That is language that sails very near the wind. One false word, and we would capsize into sentimentalism. But I think Waugh brings it off. Reticence is what saves it all. We are not given the conversion scene: that would have been unmanageable (we may recall similar reticence on Shakespeare’s part, in refraining from giving us the marriage scene of Romeo and Juliet, and in having Falstaff’s death scene only reported by the maladroit Mistress Quickly). But we do see Captain Charles Ryder, in the chapel, offer an ancient prayer, newly learned. Somebody has been teaching him the prayers of the Church. Obviously he has been received into that ancient Church.
The Heroine of Faith
Brideshead Revisited is the story of a religious conversion, whatever else it may be. Conversion is one of the topics that is most intractable, and most inhospitable to any attempt to come at it narratively. There is one sense in which the Catholic Faith itself may be said to be the heroine of the story. Certainly Charles is the protagonist. But the victor is the Faith that, in spite of—or, paradoxically, and far more profoundly because of—its shabby look when clothed with the flesh of Catholics themselves, triumphs, both in Charles, and also in each of the characters before they make their exits.
Waugh would have urged that this is the way it is. God shows up in the most inauspicious precincts: Israel—not one of the more impressive tribes of antiquity; Bethlehem—not one of the watering spots of the world; Calvary—scarcely an appropriate purlieu for the King of Heaven; the Church—not exactly a select group; and a flat, white, tasteless wafer—not a hopeful entry in the baked-goods sweepstakes. But the thing about all of these items is that God is to be found there.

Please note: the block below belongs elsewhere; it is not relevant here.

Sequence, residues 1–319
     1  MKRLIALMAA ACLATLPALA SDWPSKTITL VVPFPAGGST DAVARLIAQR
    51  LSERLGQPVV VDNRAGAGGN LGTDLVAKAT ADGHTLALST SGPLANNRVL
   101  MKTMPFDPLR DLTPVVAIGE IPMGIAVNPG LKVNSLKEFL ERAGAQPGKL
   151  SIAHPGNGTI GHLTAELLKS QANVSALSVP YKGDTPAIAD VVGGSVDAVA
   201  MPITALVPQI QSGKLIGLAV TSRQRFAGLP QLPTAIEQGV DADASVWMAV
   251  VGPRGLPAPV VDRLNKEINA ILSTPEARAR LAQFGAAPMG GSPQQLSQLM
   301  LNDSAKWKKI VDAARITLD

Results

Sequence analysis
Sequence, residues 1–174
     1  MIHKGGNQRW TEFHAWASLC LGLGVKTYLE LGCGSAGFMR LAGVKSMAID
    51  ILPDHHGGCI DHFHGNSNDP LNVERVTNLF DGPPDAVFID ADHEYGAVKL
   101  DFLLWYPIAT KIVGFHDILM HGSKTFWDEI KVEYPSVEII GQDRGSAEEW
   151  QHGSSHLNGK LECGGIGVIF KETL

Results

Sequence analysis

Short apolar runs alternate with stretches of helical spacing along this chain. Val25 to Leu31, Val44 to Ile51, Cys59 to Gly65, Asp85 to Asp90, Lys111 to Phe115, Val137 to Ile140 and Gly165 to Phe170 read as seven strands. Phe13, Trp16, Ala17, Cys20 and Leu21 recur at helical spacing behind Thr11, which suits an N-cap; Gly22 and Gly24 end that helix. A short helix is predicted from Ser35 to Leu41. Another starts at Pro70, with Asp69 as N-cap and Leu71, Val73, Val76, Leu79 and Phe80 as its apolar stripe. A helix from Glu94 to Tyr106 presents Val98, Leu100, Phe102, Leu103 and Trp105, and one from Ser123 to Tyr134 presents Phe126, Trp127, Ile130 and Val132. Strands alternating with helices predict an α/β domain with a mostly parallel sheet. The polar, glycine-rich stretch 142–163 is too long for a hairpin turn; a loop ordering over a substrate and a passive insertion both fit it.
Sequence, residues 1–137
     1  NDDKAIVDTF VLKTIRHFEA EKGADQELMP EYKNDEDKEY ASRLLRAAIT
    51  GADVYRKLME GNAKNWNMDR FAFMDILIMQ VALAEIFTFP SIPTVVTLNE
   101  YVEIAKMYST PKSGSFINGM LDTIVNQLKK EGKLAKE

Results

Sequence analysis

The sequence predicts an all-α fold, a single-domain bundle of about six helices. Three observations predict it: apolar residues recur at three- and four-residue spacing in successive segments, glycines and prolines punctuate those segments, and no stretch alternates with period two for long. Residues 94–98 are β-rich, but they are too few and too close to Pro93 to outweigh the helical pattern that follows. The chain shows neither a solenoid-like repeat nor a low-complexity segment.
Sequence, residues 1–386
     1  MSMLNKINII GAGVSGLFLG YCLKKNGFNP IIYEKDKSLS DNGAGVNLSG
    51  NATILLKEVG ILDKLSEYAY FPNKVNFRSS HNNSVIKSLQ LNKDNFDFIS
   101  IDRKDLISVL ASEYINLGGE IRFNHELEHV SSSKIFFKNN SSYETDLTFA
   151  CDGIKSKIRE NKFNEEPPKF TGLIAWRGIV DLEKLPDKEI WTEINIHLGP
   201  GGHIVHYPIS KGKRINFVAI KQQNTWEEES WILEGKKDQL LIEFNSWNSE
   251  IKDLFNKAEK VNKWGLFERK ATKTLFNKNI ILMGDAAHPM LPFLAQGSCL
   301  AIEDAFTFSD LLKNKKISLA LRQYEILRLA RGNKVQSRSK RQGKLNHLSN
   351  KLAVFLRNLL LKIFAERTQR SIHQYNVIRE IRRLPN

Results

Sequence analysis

Waugh has caught this in his novel and consequently offers the modern reader a work of moral imagination rare in modern fiction. The squalor, the bad taste, the stürm und drang, the ineptness, show up, not just in remote contrast to some austere vision of the Faith. They are the very modality in which that Faith is, as often as not, mediated to us.
Thomas Howard taught for many years at St. John's Seminary College, the Roman Catholic seminary of the archdiocese of Boston. Among his many works are the books Christ the tiger, Evangelical Is Not Enough, Lead Kindly Light, On Being Catholic, and The Secret of New York Revealed, and a videotape series of 13 lectures on "The Treasures of Catholicism" (all from Ignatius Press).